Sutton Foster – An Evening With Sutton Foster – Live At The Café Carlyle
2011, Ghostlight Records
Good actors can bend themselves to any role. Great actors wrap a role around themselves like a second skin, becoming both themselves and the other. For all of the acting classes and workshops one can take, this particular quality is not one that can be learned. It’s a quality shared by some of the greatest names to grace the stages of the Great White Way: Patti Lupone. Bernadette Peters. Angela Lansbury. Kristin Chenoweth. Sutton Foster.
Sutton Foster made a name for herself as Millie Dillmount in Thoroughly Modern Millie, winning the 2002 Tony Award for Best Actress in a Musical, as well as similar awards from Outer Critics Circle, Drama Desk and the Fred Astaire Award for best actress in a musical. Foster has gone on to roles such as Jo March (Little Women – Tony, Outer Desk and Drama League nominations); Janet Van De Graaf (The Drowsy Chaperone – Tony, Drama Desk, Drama League and Outer Circle nominations) and Princess Fiona (Shrek The Musical – 2009 Outer Critics Circle Award for Outstanding Actress in a Musical). On March 10, 2011, Foster began previews at The Roundabout Theatre for the Cole Porter classic musical Anything Goes. As if she’s not busy enough, Foster also released her second album, An Evening With Sutton Foster – Live At The Café Carlyle, this week.
Live albums are always a risk. Even in an era where genius and technology can make a rough performance sound great after the fact, an artist is totally exposed in a live performance, and particularly in the intimate setting of a cabaret show. At the same time, the magic that occurs on stage is ever-so-difficult to transfer to an audio recording. Yet it’s delightful to report that Sutton Foster pulls it all off with unabashed charm on An Evening With Sutton Foster. Culling songs from her debut album Wish, as well as from her previous work on Broadway, Foster charms with a blend of songs and stories that will entertain you, touch your heart and make you laugh out loud.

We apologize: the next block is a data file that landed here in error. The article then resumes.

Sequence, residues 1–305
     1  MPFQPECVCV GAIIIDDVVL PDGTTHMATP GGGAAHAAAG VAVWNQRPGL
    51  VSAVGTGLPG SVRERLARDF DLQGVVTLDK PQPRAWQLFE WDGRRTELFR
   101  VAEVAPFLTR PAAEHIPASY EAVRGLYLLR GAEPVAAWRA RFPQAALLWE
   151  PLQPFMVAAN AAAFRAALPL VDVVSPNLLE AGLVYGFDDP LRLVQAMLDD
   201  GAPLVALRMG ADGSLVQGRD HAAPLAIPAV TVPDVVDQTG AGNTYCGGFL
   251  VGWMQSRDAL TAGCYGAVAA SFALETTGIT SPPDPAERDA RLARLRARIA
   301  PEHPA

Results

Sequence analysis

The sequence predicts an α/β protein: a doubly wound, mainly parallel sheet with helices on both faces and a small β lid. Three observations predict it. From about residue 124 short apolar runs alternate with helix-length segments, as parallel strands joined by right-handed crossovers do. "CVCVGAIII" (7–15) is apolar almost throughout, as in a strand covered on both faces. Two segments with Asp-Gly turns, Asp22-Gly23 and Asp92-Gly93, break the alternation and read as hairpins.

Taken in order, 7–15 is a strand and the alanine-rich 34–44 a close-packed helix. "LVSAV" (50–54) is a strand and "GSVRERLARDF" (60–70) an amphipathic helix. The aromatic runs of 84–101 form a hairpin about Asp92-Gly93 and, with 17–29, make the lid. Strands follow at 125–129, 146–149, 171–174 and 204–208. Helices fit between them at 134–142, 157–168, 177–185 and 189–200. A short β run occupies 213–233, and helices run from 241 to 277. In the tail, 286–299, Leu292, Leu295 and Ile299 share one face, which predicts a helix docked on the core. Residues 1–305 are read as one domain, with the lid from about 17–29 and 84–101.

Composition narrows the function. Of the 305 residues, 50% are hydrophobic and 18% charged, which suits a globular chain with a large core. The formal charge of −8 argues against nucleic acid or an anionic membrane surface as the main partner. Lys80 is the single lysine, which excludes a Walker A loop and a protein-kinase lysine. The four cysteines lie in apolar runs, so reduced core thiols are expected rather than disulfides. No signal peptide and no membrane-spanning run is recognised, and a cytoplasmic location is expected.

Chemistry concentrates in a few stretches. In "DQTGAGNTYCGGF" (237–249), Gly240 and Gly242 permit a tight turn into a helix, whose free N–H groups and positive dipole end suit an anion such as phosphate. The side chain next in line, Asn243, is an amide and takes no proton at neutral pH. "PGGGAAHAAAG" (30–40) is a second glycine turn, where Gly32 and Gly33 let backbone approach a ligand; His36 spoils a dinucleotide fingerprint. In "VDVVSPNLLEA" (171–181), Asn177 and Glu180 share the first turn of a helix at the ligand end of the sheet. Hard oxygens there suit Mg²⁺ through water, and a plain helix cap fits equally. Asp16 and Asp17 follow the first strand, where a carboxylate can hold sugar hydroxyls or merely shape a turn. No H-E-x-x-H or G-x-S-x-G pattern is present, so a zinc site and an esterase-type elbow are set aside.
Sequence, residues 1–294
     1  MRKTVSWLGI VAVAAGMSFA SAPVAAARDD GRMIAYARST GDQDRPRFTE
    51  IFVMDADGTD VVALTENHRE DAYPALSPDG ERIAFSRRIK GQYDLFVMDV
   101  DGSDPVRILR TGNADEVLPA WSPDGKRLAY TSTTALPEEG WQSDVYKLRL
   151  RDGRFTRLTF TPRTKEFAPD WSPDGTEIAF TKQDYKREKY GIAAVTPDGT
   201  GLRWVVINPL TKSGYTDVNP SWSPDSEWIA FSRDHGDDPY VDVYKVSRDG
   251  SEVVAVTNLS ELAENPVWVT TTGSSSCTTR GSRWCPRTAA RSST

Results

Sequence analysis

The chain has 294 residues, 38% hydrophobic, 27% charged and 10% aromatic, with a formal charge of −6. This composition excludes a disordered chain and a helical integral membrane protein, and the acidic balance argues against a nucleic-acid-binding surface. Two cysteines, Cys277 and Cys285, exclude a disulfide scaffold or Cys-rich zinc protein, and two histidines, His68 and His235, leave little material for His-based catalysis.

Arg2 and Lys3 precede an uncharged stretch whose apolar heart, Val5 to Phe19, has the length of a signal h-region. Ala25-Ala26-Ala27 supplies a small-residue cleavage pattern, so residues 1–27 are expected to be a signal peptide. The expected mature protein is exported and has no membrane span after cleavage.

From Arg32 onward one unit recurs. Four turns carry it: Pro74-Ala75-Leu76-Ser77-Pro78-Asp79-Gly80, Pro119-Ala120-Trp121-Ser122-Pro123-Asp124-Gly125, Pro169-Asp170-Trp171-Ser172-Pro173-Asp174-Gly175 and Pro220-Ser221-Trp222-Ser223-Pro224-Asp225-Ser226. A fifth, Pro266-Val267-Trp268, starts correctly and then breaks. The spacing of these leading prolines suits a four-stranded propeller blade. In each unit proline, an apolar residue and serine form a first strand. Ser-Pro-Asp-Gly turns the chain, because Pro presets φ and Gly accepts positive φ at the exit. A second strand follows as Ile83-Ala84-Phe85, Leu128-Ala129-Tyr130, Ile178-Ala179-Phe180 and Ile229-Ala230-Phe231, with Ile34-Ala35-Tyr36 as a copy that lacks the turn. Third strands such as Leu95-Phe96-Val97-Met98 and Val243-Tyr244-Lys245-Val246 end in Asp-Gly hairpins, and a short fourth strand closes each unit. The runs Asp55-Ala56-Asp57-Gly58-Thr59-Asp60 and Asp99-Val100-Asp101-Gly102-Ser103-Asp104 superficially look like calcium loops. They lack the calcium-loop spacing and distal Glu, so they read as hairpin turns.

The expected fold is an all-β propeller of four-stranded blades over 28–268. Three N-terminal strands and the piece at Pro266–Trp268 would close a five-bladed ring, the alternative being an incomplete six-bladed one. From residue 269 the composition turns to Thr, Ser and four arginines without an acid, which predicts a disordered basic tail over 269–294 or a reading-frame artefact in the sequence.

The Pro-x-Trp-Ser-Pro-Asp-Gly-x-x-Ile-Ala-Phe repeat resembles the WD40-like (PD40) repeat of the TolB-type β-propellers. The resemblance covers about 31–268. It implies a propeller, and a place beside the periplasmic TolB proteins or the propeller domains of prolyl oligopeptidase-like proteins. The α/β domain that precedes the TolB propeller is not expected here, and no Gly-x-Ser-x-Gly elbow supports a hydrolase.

The show opens with “I’m Beginning To See The Light”, a Duke Ellington number performed by Foster with the sole accompaniment of ukulele. It’s a brilliant opening full of showgirl zeal but with an air authenticity that simply cannot be manufactured. Foster has one of those voices that rings in your mind for ever after hearing it, and is personality plus on stage. Foster strings together snippets of songs from roles she’s played in a medley of “Not For The Life Of Me” (Thoroughly Modern Millie), “NYC” (Annie) and “Astonishing” (Little Women). As medleys go this one works better than most, the transitions almost seamless, even if “Not For The Life Of Me” was cut woefully short. “Up On The Roof” is offered in a sweet and lyric interpretation that’s full of heart and a sense of reminiscence about her early years in New York City.
Foster’s cover of Christine Lavin’s “Air Conditioner” is perhaps even funnier than the original, owing a great deal to the charm and pizzazz of the singer, qualities that wash through your speakers and bathe the listener whole. Foster changes paces nicely with “Warm All Over”, a sultry and sweet take on the Frank Loesser tune from Most Happy Fella. Foster rips off the roof (and a boob pad) in “Show Off”, one of the signature numbers from The Drowsy Chaperone. The roof lands several blocks away, as Foster cranks it up with a powerful, thousand-watt performance; while the boob pad hilariously lands on her brother, Hunter Foster. The show goes on, but the moment is timeless and thankfully not excised from the recording.